It appears that Louisiana Citizens Property Insurance Corp. may not have to draw on its Pelican Re catastrophe bond, after all.

In an interview with The (Baton Rouge) Advocate, Louisiana Insurance Commissioner Jim Donelon said he expects claims to the state-run insurer stemming from last week’s strike of Hurricane Isaac will amount to less than $75 million. The cat bond, which Citizens issued earlier this year, offers $125 million of reinsurance coverage, but only if claims exceed $200 million.

Donelon expects the storm’s damage will be less than half the $2.2 billion in privately insured damage caused by 2008’s Hurricane Gustav, with most of the damage coming from flooding in St. Tammany, Plaquemines and St. John the Baptist parishes. Only about 31% of Louisiana residents have policies from the National Flood Insurance Program.

Catastrophe modeling firms like AIR Worldwide and Eqecat have estimated Isaac’s total private insured loss to be in the range of $500 million to $2 billion.

Louisiana Citizens, which has about 6% market share statewide but a much higher figure in the coastal counties, will turn first to its cash on hand to pay claims. Chief Executive Officer Richard Robertson told the Times-Picayunne last week that the company has about $125 million in cash resources.

Should it run through its cash resources, Citizens has a $75 million line of credit and a $125 million layer of private reinsurance that attaches at $75 million and is exhausted at $200 million. For losses between $200 million and $400 million, the burden is shared between Pelican Re’s $125 million of coverage and $75 million of traditional reinsurance. That layer of traditional reinsurance becomes the sole reinsurance coverage for losses between $400 million and $450 million.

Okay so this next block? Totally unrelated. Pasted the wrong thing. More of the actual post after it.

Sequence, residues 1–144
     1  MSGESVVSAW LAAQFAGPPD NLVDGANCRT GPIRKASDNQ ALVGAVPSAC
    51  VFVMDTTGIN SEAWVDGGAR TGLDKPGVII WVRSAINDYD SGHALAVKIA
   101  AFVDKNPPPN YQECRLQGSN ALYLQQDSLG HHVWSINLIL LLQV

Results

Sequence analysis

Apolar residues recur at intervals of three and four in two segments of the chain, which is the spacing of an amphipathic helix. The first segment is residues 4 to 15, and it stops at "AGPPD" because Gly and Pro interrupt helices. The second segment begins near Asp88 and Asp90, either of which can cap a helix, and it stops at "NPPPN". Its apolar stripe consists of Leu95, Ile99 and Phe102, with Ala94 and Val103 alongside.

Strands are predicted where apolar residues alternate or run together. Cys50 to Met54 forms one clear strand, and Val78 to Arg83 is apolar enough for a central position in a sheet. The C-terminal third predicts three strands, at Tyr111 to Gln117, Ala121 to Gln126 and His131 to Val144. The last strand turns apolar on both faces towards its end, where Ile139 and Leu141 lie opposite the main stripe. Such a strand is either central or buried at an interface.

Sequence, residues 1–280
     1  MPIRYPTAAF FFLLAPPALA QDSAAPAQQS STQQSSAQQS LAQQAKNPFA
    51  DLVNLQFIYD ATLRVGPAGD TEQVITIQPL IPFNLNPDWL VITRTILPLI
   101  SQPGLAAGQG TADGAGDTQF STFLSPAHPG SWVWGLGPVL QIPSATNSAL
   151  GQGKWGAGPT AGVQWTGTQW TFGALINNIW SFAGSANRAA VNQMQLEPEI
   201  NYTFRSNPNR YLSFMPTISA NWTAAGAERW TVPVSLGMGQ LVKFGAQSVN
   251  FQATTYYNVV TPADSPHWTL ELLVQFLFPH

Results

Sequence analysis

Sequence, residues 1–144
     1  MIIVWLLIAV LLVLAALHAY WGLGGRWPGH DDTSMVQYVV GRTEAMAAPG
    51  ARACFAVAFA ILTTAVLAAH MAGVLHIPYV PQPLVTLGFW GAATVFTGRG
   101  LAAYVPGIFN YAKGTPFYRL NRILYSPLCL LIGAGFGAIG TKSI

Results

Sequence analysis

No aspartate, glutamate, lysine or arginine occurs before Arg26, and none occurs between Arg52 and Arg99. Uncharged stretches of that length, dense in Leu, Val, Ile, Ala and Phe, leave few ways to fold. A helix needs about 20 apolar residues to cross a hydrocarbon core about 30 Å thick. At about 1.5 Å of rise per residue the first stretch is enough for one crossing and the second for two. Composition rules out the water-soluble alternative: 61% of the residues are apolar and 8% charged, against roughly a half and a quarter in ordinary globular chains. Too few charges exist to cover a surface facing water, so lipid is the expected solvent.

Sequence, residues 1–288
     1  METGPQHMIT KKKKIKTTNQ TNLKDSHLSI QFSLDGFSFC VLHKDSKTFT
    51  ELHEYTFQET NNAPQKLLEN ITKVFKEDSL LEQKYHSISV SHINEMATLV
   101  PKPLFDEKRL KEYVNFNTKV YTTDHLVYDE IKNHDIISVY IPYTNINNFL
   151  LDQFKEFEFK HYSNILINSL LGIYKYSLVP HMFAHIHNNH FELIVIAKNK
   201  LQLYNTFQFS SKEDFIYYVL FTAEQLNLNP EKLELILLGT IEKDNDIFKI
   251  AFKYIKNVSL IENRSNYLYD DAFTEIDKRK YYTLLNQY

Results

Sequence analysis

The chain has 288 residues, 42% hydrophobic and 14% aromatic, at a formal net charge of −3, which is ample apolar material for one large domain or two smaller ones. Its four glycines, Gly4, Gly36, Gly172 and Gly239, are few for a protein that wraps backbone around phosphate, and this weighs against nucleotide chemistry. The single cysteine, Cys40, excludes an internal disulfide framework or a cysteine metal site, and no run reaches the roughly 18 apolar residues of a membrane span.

Above $450 million, Citizens would turn to assessments on private insurance companies to fund its obligations. The assessments are passed on to policyholders in the form of surcharges, and because the surcharges are deductible from state income tax, they are ultimately borne by the state’s taxpayers.

If Isaac doesn’t end up triggering the cat bond, that’s good news. It means the damage from windstorms wasn’t terrible, and that Citizens – which already has had to pay out $104 million this year to settle a six-year-old class action lawsuit – will not see its resources tested even further

But the most important facet of the Pelican Re story is that it works. Public and quasi-public insurers like Citizens and its Florida namesake, which issued its own $750 million cat bond this year, can engage in meaningful risk transfer that takes this exposure off the backs of taxpayers and puts it back where it belongs – in the private sector.

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